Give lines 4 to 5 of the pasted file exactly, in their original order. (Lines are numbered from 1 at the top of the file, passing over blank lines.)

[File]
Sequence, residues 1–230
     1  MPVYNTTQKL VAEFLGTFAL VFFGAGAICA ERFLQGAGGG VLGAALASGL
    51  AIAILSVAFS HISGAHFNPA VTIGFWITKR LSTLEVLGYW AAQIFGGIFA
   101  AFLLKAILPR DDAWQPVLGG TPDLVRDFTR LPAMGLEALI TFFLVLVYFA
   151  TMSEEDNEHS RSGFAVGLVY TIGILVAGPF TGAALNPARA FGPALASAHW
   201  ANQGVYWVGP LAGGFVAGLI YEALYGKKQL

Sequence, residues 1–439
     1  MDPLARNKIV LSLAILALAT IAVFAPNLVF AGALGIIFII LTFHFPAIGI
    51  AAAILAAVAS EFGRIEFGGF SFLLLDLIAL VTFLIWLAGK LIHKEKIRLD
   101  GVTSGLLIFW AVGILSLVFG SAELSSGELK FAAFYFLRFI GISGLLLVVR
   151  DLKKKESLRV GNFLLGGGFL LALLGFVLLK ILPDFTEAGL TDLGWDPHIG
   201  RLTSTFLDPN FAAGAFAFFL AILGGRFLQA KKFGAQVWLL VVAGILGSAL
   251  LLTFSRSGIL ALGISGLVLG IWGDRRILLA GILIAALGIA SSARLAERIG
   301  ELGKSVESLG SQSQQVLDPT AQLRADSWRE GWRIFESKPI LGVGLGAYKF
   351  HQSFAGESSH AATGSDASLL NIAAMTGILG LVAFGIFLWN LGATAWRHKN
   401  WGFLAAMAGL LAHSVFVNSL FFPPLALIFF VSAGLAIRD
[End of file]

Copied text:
   101  AFLLKAILPR DDAWQPVLGG TPDLVRDFTR LPAMGLEALI TFFLVLVYFA
   151  TMSEEDNEHS RSGFAVGLVY TIGILVAGPF TGAALNPARA FGPALASAHW